Posted on Apr 28, 2020
UCP REUSING BROKEN WEB PORTAL TO HELP FORT MCMURRAY EVACUEES
EDMONTON – The following is a statement from Alberta NDP Labour Critic Christina Gray:
“I am glad to see the province is extending emergency support money to the residents of Fort McMurray. This is the right decision, given the devastating flooding in that city. I am deeply concerned, however, that Jason Kenney will again be relying on the MyAlberta portal to distribute this money. Let's be clear that portal has been an epic failure during the COVID-19 pandemic. As we revealed today, the Emergency Isolation Support program denied a quarter of its applicants, was nearly impossible to access for some and caused more distress for Albertans at an already difficult time. The government has clearly acknowledged that anyone who doesn't have current photo identification will not be able to get a MyAlbertaID, which will be a major problem for people forced to flee their homes. I sincerely hope the Government does better to support Albertans in need this time.”
UCP ABANDONED 33,000 ALBERTANS WHO ASKED FOR HELP—THEN LIED ABOUT IT
EDMONTON – Jason Kenney and the UCP left more than 33,000 Albertans without emergency financial support payments at the outset of the COVID-19 pandemic, show numbers obtained by the NDP Caucus.
Contrary to repeated claims by UCP cabinet ministers and staff, the Emergency Isolation Support program did not have a 95 per cent approval rate. The actual approval rate is 74 per cent, accounting for the more than 33,000 Albertans who could not complete their application or had their application rejected.
“Jason Kenney underfunded this support program and then closed it prematurely, cutting off tens of thousands of Albertans who were relying on his government for help at the most stressful time of their lives,” said Alberta NDP Labour Critic Christina Gray. “Jason Kenney needs to explain why one in four applicants were denied and his UCP government needs to commit to working with these Albertans and getting them the support they were promised. They deserve an explanation and an apology.”
It is well-known that the Emergency Isolation Program application process was insurmountable for many Albertans, as the website was confusing, difficult to navigate, and repeatedly unavailable. At the time the program closed on April 6, the UCP refused to say how many applications were approved.
Numbers obtained through a freedom of information request show that 24 per cent of applicants, or 30,540 out of 127,611 applications, were rejected and did not receive help. In addition, at least 2,829 Albertans could not complete their applications before the program was cancelled, and also did not receive emergency support.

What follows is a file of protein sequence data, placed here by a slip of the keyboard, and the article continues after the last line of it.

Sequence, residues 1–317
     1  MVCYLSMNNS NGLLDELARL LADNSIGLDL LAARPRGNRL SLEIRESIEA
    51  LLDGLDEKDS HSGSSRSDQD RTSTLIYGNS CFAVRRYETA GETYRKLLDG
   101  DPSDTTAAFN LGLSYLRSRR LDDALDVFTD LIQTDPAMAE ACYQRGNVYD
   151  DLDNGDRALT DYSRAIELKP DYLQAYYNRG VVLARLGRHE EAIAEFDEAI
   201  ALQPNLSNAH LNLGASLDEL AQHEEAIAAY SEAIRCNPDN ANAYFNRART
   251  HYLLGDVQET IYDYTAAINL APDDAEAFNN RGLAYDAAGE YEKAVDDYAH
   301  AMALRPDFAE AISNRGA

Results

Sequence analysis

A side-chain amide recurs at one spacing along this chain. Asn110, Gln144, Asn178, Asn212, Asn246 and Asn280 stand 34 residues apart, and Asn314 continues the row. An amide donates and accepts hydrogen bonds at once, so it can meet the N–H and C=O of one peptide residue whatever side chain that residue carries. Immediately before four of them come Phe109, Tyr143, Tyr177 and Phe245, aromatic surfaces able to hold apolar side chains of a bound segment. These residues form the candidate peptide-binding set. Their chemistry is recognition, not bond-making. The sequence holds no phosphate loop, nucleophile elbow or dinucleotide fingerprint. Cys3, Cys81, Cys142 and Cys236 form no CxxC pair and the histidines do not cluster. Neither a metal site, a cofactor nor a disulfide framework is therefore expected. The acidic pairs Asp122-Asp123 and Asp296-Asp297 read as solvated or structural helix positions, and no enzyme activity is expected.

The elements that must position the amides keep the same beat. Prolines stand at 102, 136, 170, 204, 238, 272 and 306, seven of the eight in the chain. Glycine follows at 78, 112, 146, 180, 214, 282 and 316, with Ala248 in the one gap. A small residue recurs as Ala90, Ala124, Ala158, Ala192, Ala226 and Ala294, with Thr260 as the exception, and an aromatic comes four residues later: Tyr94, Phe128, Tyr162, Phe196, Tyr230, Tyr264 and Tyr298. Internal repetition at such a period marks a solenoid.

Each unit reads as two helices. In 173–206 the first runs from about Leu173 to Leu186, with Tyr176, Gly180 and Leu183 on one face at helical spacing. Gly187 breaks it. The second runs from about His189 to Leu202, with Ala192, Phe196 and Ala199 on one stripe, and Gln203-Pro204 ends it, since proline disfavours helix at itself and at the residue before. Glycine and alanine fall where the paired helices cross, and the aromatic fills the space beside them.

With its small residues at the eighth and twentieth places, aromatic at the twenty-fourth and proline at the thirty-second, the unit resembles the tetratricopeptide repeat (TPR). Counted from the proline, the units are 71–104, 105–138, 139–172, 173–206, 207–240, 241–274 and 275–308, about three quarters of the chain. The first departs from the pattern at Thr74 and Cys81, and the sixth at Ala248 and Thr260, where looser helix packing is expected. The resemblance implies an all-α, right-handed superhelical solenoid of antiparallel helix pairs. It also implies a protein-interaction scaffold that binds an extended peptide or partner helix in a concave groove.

Yet, on April 7, UCP House Leader Jason Nixon told the legislature that the program had “a 95 per cent approval rate”, leading Albertans to believe that the vast majority of applicants were approved. This false approval rate was repeatedly tweeted by UCP staff. Finance Minister Travis Toews told Town and Country News on April 8 that “approximately 95 per cent of the applications were approved”.
All these statements were untrue, and the Alberta NDP Caucus is calling on the UCP government to immediately reevaluate all denied applications to ensure no Albertan was unfairly rejected, and to explain why they lied to Albertans about the approval rate inside and outside of the legislature.
The Alberta NDP Caucus heard from many Albertans who did not understand why they were denied, and could not receive an explanation. Despite repeated attempts to apply, Dustin Milne was denied. The self-employed Calgary A/V technician said he used the same criteria as friends who were approved.
“It just made no sense. It took days and days of trying to apply and when I finally got through, I was denied in minutes,” he said. “It feels like the government doesn’t care about you, and you’re alone in the middle of this pandemic. It isn’t a large sum of money but the longer this goes on, the more important it becomes for people like me who can’t work. The government should make good on their promise.”
Still unable to work, Milne has been using his time and machinery to help in the fight against COVID-19 by making face shields. He was initially paying for supplies out of his own pocket, but has since started fundraising to pay for materials.
Savanna Harvey is a theatre artist and live event producer in Calgary. When she was unable to work and asked to self-isolate, she applied for the emergency isolation support to make ends meet but was denied.
“It was obviously very distressing, not knowing if I was going to be able to pay for rent or groceries,” said Harvey, who was later able to apply for federal support. “There was a total lack of transparency. I was not given any explanation for why my application was denied. A friend of mine had his denial reversed, and yet when I called, I was told there was no reassessment. I feel like they abandoned me.”
According to a report from CBC News, senior government officials knew the website had limits and the structure of the program would leave some eligible Albertans unable to apply.